Are Those Wrinkles or Character Lines?

by Dr. Steven J. Callis

               As I write these words my OLDest brother is celebrating another birthday.  Being the firstborn of the bunch, he pioneered the way for his younger brothers.  He was the first to go to school, the first to graduate high school, the first to get a driver’s license, the first to attend college, the first to marry, the first to give mom and dad grandkids – –  but he never let all of that go to his head.  Then again, he did tell me one time that he had a headache the size of Mount Rushmore.

                Other than the over-the-hill e-card he will receive today, I plan to withhold the old man jokes and comments, knowing that my birthday will come around later in the year.  He does not always play by the rules of reaping and sowing, but hopefully he will remember this leniency when it comes his turn to do the happy birthday wishing.

                Someone told me recently that a good thing about being old is that one can hide his own Easter eggs because ten minutes later he will not remember where he put them.  Some of us, however, may not remember after ten minutes that we were planning to hunt Easter eggs at all!

                One of the funnier lines from years ago came from a man who said his mother’s doctor told her that, at her age, she should walk two or three miles every day.  He said, “That was a month ago, and last night she called from Cartersville.”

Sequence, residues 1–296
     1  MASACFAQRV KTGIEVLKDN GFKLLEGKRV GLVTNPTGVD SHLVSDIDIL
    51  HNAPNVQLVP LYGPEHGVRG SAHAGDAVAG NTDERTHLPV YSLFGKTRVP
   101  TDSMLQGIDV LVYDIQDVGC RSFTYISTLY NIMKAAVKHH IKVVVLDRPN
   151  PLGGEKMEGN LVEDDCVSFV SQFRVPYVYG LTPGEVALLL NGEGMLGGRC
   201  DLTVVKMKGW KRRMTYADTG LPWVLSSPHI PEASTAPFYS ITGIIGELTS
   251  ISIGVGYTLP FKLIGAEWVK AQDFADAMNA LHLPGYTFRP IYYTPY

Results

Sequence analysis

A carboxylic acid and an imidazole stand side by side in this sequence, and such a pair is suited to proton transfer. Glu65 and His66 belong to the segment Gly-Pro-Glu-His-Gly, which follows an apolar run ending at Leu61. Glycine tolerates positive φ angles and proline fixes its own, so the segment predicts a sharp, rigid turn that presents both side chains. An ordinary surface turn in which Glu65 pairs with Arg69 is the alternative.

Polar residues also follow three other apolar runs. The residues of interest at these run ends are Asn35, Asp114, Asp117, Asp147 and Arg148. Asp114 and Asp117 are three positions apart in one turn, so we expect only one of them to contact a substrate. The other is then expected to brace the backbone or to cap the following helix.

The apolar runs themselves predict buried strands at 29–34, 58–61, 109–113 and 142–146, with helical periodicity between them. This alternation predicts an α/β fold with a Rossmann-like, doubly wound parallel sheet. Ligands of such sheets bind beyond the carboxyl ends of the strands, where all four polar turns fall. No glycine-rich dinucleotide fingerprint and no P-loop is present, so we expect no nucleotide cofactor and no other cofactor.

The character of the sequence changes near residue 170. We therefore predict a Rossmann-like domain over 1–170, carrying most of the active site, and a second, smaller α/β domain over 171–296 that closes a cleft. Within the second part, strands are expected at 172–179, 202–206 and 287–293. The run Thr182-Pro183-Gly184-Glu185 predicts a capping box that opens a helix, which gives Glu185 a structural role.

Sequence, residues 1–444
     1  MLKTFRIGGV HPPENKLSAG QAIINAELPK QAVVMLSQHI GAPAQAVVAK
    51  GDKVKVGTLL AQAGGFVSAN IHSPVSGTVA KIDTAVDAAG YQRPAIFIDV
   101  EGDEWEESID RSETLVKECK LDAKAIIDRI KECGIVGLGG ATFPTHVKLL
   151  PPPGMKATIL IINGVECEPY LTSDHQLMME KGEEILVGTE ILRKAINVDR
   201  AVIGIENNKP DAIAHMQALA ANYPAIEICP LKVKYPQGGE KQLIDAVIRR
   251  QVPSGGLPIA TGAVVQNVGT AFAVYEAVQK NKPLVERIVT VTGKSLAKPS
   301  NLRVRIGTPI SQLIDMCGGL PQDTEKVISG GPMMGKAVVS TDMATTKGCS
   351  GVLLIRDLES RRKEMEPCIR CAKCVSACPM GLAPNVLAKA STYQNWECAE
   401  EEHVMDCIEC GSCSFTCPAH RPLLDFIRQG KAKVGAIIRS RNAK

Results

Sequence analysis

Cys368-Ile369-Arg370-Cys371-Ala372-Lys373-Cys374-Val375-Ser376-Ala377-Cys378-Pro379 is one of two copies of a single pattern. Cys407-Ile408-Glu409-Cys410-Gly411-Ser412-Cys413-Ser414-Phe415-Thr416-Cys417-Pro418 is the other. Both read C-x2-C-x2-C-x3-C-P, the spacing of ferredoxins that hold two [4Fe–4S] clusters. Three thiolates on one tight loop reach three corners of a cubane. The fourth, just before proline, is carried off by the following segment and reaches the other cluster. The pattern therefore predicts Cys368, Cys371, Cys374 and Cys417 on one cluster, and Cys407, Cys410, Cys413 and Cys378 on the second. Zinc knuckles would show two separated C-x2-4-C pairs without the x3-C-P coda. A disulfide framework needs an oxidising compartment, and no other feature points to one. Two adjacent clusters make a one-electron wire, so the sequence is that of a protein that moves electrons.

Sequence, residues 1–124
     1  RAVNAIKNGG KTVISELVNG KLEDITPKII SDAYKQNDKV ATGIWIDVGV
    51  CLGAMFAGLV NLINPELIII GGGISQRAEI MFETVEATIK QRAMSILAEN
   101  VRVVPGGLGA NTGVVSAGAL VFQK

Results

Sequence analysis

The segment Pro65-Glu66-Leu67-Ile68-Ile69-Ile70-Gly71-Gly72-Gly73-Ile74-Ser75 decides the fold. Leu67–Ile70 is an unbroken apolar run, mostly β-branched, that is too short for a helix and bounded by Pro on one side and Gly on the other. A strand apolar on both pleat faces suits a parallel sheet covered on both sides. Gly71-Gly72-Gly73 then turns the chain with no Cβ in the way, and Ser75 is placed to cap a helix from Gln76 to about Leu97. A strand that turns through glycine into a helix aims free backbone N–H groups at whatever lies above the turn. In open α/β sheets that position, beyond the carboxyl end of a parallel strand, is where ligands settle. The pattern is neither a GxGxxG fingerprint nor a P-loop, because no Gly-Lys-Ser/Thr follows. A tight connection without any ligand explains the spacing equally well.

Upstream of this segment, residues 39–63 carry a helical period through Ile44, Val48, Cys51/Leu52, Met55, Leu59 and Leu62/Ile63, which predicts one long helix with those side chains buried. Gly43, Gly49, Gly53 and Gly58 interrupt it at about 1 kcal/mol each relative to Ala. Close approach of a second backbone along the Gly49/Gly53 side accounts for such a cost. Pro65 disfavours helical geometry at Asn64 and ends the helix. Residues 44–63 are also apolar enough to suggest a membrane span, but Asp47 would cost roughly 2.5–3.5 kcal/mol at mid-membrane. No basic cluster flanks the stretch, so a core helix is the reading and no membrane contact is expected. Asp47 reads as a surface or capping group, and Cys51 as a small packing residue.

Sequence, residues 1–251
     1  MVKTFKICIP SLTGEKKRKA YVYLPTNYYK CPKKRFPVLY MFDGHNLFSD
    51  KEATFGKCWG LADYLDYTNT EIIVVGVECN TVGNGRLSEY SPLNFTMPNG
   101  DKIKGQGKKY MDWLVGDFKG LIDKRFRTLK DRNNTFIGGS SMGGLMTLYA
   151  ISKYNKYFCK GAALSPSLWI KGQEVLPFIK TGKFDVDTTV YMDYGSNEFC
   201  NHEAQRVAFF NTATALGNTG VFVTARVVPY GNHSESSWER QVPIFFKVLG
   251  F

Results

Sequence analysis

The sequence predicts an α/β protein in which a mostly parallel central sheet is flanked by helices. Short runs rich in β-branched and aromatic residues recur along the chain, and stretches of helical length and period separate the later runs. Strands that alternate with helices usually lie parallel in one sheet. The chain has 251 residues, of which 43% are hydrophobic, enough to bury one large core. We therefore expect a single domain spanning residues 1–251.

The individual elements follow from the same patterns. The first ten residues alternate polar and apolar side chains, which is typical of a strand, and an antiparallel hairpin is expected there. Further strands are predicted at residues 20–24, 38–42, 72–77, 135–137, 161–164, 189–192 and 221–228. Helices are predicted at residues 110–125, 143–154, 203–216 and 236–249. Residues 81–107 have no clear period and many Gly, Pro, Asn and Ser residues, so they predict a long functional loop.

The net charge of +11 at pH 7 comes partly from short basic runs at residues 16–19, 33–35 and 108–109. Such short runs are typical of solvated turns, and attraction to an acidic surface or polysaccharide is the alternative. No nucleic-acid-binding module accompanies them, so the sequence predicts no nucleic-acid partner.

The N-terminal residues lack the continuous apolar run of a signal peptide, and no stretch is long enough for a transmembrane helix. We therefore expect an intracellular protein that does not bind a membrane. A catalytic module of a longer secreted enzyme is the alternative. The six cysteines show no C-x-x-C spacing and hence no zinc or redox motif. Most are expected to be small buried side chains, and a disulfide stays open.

My 12-string guitar is a 1968 model Fender Villager.  It was three years old when I bought it from my older brother.  Several years later I purchased an Ovation 12-string.  So a couple of years ago I was growing less and less satisfied with how the Fender sounded, and decided to sell it and replace it with a 6-string guitar (did I really need two 12-string guitars?).

                When I took it to a music store for an appraisal, the store owner examined it, played it, and then asked me why I wanted to sell it.  He suggested that we send it to one of his guitar guys for some tune up work, though he would love to buy it from me if I decided to sell it.  When it came back from repair, it sounded like my Fender of old!  I fell in love with it again.

                One of my concerns was that it had several surface cracks on both front and back of the body.  The store owner examined them closely, and then defined them to me as “character lines.”  They speak of experience and demonstrate character, making it even more special, he said.  I sold my Ovation and continue today playing the ol’ Fender Villager.

                What my music man said made a sensible impression on me.  When you look at your parents or grandparents, or in the mirror at yourself as you age, do not see wrinkles, but character lines.  Wisdom comes from character, not obtained from textbooks or years of existence, but from life experience; the joys and heartaches of one’s life story.

                I reflect on my childhood and the many good and funny memories I have with my brothers; we experienced a lot of life together.  Yes, we had our scuffles and arguments and pranks and such; but I learned a lot from my brothers.  So today I am thankful for a brother who will add another character line to his forehead, and I am not envious at all that he is the first of us to retire!  

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